Teaching Emotional Regulation to Kids

Tantrums, cry spells, whining, banging of doors and toys thrown to the floor…Yes, your kids sometimes can have a hard time dealing with their emotions. But, how can you help them in that particular department?

Enter Emotional Regulation!

If you are not familiar with it, emotional regulation is the ability of a person to manage their reactions to different emotions, such as being able to think and decide what to do when faced with difficult situations or unexpected triggers. Most importantly, Emotional Regulation is an important instrument that can help your child manage their reactions and behaviors. In other words, it returns the control of your child’s emotions to him/herself, it makes them accountable for their own choices and gives them the tools they need to help them for an entire lifetime.


Here are a few important key points to have mind when teaching emotional regulation:

1.  Its ok to be angry:

When a child is having an emotional reaction, we often hear people say things like:

“Don’t cry!”,

“I don’t know why you’re so upset”, or

“You have no reason to feel this way”

These types of comments invalidate the feelings that your child is having at the moment, and honestly, his/her feelings won’t go away just because you think their feelings don’t make sense.

Instead, I invite you to acknowledge their feelings, and validate them. This will help your child realize that you are on their side, that you understand them, and (most importantly) that having this type of feelings is natural. In all reality, we all go through feelings, we all cry, scream, get scared, etc. Having these types of feelings happen to everyone, and at times we all struggle and fail to manage our emotions. Remember to relay this to your kid. What is happening is natural and valid, and there is no reason to feel ashamed.

So, instead of saying “there’s no reason for you to feel that way,” let’s try: “I see that you are feeling (insert feeling here), and I understand how difficult that is. I feel like that sometimes, too”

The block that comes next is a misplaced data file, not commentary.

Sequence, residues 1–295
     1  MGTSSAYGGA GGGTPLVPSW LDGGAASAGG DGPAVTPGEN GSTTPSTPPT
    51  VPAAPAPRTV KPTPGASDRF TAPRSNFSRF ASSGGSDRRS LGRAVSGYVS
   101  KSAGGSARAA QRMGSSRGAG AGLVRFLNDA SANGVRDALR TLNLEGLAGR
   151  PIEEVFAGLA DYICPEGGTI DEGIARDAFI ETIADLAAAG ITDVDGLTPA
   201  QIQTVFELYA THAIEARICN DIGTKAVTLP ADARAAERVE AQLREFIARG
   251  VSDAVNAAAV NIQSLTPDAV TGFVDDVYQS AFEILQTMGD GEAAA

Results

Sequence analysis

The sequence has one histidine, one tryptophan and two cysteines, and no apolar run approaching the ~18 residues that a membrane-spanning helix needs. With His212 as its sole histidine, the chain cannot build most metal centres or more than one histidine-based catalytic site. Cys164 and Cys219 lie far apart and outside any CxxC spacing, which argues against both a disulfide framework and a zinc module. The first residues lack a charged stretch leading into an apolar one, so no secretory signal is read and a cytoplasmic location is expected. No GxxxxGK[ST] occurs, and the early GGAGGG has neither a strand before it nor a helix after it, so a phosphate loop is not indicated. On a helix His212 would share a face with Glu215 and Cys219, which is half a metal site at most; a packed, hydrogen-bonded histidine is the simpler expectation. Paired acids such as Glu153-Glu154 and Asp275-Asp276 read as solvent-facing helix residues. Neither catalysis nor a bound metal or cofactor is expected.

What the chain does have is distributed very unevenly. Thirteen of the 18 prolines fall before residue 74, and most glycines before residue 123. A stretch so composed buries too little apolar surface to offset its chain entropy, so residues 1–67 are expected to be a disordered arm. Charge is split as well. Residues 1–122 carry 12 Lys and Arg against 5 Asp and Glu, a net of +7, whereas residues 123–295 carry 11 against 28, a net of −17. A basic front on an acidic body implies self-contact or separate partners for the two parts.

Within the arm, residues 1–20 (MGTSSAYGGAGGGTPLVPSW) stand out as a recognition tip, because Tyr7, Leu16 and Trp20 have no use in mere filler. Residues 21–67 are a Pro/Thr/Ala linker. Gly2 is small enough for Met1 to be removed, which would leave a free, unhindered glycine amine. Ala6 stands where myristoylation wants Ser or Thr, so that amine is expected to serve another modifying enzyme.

2.  Fire Drill

What is the last thing you want to hear when you are angry? I know for me its “you need to calm down!” Thanks, Sherlock! That helps a lot!

The same is true for our kiddos. Telling someone to calm down or to not be sad or scared right in the middle of the crisis very rarely will work. What should we do instead?
Fire Drills!

Try emotional regulation techniques in a non-crisis situation…and practice, practice, practice!

How do you do this? Simply identify with your child three or four things that they can do to calm down and regulate. Choose the things that they will do. This is why it’s important for your child to be present when you choose what exercises he/she will use to calm down and relax. If they like the exercises, they are more likely to do them. A few common ones are taking deep breaths, squeezing your hands 4 times, stretching, or simply asking for a break. For little ones, it helps to do visuals with representations of what they can do when they are upset or sad. Once you and your child chose which ones you will use, get to practicing. Also, as we discussed before, practice during calm times. Firefighters don’t practice how to put out fires during a real fire. They practice in non-crisis situations, and so should you. The middle of a meltdown isn’t the right time to learn. Practice daily. Include the family and practice together. Make it a fun activity! You can even role play and take turns pretending to help each other calm down.

3.  Be a facilitator

The meltdowns, tantrums or cry spells will come. At this time, I want you to remember that you are the facilitator and agent of change. First, remember that you cannot help a child in a meltdown if you are upset or flustered. It is better if you take a minute to step out of the room (provided your child is safe being alone for a minute), take a moment to calm down and come back. Get their attention, remind them (as we commented on step 1) that their feelings are valid and natural. Then, invite them to use their calm down techniques. At first, they will reject the idea, and that is ok. You will only suggest it and offer to help. If they reject the calm down techniques that you practiced, then give them a few minutes to calm down. Don’t crowd, don’t restrain physically (unless they are hurting others or themselves) and don’t give speeches. As a matter of fact, don’t talk. Over time, kids tend to use their calm down techniques by themselves, without being obligated to do so, simply by suggesting.

Many times, you must change and rethink the calm down techniques you use, and that is ok. Change them until your child finds a few exercises that they like and will want to do when upset.

Emotional regulation is a skill that your child will use throughout his/her entire life. It will be used in all types of situations and will prove to be invaluable throughout many aspects. Investing time and effort to help your kids these important tools will have benefits that will last throughout their lives.

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